Grant renewal strengthens patient-centered outcomes research training program

by Bill Snyder

The federal government has renewed its support for a Health Learning System (LHS) T32 training program at Vanderbilt University Medical Center that prepares researchers to discover, evaluate, and implement strategies to improve patient outcomes and ultimately, the general health of the community.

Christianne Roumie, MD, MPH

The traditional approach to health care delivery separates scientific research, evidence generation and practice, said Christianne Roumie, MD, MPH, professor of medicine, pediatrics and health policy at Vanderbilt. These isolated systems lead to missed opportunities, wasted healthcare, and the potential for costly and suboptimal care.

Health systems learning trains postdoctoral health care leaders to discover and implement new ways to deliver high-quality care and advance science simultaneously. This is a critical next step in transforming a “responsive health system into one that is proactive and capable of improving population health,” Roumie said.

Roumie is co-principal investigator on the grant with Carlos Grijalva, MD, MPH, professor of health

Carlos Grijalva, MD, MPH

Policy and biomedical informatics. The $2.8 million five-year renewal of the 5T32HS026122 research training grant was awarded this spring by the US Agency for Healthcare Research and Quality.

It supports the continuation of a program called PROgRESS, for Patient/practice Outcomes and Research in Effectiveness and Systems Science, which since 2018 has provided two years of cross-training in patient-centred outcomes research, science implementation, and health policy/ community health to 16 investigators.

For Jennifer Richmond, PhD, MSPH, a 2020-2022 intern, the program has helped me grow and achieve many of my career goals focused on Health Equity (It) has paired me with

health system learning, PhD, MSPH

supportive mentors and have provided outstanding training.

I particularly benefited from the implementation science training and sheltered time to focus on growing into an independent researcher, she continued. This sheltered time helped me learn new data analysis skills, publish high-impact research, and leverage huge grant writing (VUMC) and other professional development resources.

Richmond entered the Vanderbilt program after completing her PhD in health behavior from the University of North Carolina at Chapel Hill in 2020.

While in graduate school, she participated as a health policy research fellow in a leadership development program supported by the Robert Wood Johnson Foundation and contributed to several journal articles exploring the negative impact of medical inequity and distrust on health. access to health care.

Joseph Starnes, MD, MPH

The Vanderbilt program helped her successfully apply for a two-year K99 Pathway to Independence Award for promising National Cancer Institute postdoctoral scientists who will support her research into ways to improve equity in lung cancer screening among affected populations in disproportionately by the disease.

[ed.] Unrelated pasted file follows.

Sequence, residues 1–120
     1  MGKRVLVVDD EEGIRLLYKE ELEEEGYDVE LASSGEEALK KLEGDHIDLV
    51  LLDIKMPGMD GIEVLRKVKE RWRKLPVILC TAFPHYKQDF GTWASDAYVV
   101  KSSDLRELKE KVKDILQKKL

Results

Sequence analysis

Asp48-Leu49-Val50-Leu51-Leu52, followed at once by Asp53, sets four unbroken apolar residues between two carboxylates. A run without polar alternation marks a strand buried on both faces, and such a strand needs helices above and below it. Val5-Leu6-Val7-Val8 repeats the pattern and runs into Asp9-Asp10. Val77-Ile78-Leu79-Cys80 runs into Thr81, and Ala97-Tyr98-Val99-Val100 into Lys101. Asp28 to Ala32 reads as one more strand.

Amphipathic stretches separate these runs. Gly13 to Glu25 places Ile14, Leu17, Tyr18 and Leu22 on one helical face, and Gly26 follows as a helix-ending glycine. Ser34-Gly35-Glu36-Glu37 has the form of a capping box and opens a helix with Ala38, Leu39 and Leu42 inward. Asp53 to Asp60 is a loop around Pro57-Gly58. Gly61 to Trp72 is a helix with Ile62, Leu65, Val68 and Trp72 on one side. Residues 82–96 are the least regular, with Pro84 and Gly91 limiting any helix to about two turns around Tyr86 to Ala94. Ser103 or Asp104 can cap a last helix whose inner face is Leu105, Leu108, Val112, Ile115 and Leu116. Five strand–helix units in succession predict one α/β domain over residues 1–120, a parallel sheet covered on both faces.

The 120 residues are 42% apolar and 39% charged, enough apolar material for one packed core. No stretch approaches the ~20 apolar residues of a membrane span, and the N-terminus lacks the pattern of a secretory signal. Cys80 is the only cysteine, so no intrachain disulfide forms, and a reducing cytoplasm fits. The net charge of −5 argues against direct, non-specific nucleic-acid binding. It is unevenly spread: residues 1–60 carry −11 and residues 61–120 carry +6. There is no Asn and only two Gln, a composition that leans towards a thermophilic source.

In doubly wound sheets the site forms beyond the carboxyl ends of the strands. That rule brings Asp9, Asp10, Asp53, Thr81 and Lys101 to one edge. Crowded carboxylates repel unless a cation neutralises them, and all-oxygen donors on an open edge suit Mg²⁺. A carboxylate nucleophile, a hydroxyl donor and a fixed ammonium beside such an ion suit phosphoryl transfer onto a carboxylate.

This research will help address an urgent public health need, increase screening equity, and help eligible patients benefit from a proven strategy for early lung cancer detection, said Richmond, who accepted a position as a lecturer at Wake Forest University School of Medicine in the fall.

Joseph Starnes, MD, MPH, who will begin the second year of a three- to four-year pediatric cardiology fellowship at VUMC this fall, is one of two interns entering the PROgRESS program this year.

Like Richmond, Starnes is also interested in exploring ways to improve health equity. His project will examine the accuracy of fingertip pulse oximetry in detecting critical congenital heart disease in newborns with darker skin tones.

Pulse oximeters are fingertip devices that can non-invasively determine the level of oxygen in your blood by analyzing a beam of light as if it were passing through your finger. Abnormally low levels of oxygen in the blood are a sign that the heart is not working properly.

Every baby in the United States is screened before leaving the hospital with a pulse oximeter to check for congenital heart disease that would need surgery or intervention in the first year of life, Starnes said.

There’s a growing body of literature that pulse oximeters aren’t as accurate in people with darker skin, she said. Overestimate oxygenation. So, in theory, there’s a group of babies who pass screening because their oxygenation is overestimated, but they end up with critical congenital heart disease.

His project will compare oximetry readings with blood gas measurements of blood samples taken with needles to determine the accuracy of oximetry in newborns with different skin tones. Ultimately, he hopes to develop an algorithm that can correct for differences in skin tones and make oximetry more accurate for all children.

Starnes acknowledged that it’s difficult to get funding for pilot projects, like his own. This is why the T32 tutored research support provided through PROGRESS is so important.

It gives him sheltered time from his clinical obligations to learn how to do research and will prepare him to successfully compete for independent research grants in the future, all while pursuing an important clinical question that hasn’t been thoroughly researched before.

Since his medical school days, Starnes has been involved in efforts to improve health care equity for all. This project helps bridge all of that, he said.

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